new Things I Ate in Cambodia: The Praline Connection: Sou Food, Gumbo Crabs, Chicken Livers

Thursday, December 03, 2009

The Praline Connection: Sou Food, Gumbo Crabs, Chicken Livers

The Praline Connection
542 Frenchmen Street
New Orleans, LA 70116-2024
(504) 943-3934

The Praline Connection is a soul-food joint in the Faubourg Marigny, on the eternally-hip Frenchman street. The restaurant has been around for a healthy length of time now, even expanding into the usually cuisine-bereft confines of the New Orleans airport, god bless them. So how's the food?

The menu covers all the soul food bases, with a healthy dose of Creole and Cajun foodstuffs: think fried chicken with mac and cheese, lima beans with various meats, fried chicken livers, stuffed crabs, meatloaf, BBQ ribs, jamabalaya, and other usual suspects. Concerns about fat and calories are checked decsively at the door, as they damned well should be. (You can buy some pralines - no kiddin' - at the candy counter next to the dining room).

My friend chose the fried chicken with macaroni and cheese and collards, a big-ass portion at $12.95. Pretty darn good fried bird here: not too much batter, flavorful and juicy in the center, the whole nine-yards. He reported the macaroni and cheese had egg in it, which was mildly unusual, but was otherwise tasty.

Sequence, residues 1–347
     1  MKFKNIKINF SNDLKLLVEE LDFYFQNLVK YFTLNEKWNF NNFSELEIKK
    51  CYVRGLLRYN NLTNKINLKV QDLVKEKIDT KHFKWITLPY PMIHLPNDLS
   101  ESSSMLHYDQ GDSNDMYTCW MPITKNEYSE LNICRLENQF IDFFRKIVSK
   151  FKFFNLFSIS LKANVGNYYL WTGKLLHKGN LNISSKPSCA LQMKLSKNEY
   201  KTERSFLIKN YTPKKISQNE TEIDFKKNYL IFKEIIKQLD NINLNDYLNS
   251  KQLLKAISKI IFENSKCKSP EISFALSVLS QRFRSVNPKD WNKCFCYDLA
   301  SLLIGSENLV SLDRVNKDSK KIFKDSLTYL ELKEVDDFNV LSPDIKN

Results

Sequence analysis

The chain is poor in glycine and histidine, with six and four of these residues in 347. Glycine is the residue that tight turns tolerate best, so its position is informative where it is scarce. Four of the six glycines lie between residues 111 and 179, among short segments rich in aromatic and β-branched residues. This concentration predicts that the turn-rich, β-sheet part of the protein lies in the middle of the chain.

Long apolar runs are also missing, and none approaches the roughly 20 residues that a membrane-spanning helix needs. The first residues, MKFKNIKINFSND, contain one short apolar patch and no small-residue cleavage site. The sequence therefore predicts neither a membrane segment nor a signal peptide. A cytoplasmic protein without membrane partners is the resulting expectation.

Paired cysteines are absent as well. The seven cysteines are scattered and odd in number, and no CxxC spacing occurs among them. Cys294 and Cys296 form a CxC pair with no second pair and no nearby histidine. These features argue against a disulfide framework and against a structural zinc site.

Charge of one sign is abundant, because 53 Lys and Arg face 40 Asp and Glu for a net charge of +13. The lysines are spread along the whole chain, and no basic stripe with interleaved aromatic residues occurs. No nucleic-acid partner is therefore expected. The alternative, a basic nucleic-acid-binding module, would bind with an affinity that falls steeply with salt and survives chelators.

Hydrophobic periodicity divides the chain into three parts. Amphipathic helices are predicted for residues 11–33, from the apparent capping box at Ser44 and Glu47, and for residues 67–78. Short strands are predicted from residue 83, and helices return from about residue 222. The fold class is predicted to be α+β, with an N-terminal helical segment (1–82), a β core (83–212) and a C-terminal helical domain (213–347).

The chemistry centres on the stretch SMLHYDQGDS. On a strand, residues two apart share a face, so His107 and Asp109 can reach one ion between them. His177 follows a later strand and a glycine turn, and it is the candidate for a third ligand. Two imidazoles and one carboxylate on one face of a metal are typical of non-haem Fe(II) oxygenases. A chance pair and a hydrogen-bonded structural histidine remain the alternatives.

I was tempted by the turkey wings, but ordered the file gumbo - I'm out to try every damn gumbo I can get my paws on in this city, and I'd heard the Praline Connection had a pretty worthy entrant. I ended up loving this: it's a thin, soup-style gumbo with a ton of earthy, funky flavor. This occurs because the kitchen seems to dump in as many left-over variety meats as they can into the gumbo pot, producing rich flavor and a profusion of interesting stuff in the bowl. Sausage, gumbo crabs, bone-in chicken pieces, shrimp, you name it, it's probably in there. This is just the way I like my gumbo. Pickier types may want to leave well enough alone, but you shouldn't be encouraged to be a big fat wuss either. Wuss.

I also had a side of collards, and was very pleased with em'. These are obviously traditional Southern style greens, chopped fine and cooked until the nutrients are sucked out of them - this is why you drink the pot likker. These are, needless to say, nothing even approaching vegetarian food as evidenced by their richly porky flavor. The free corn-bread block that came with the meal proved perfect for crumbling into the greens.

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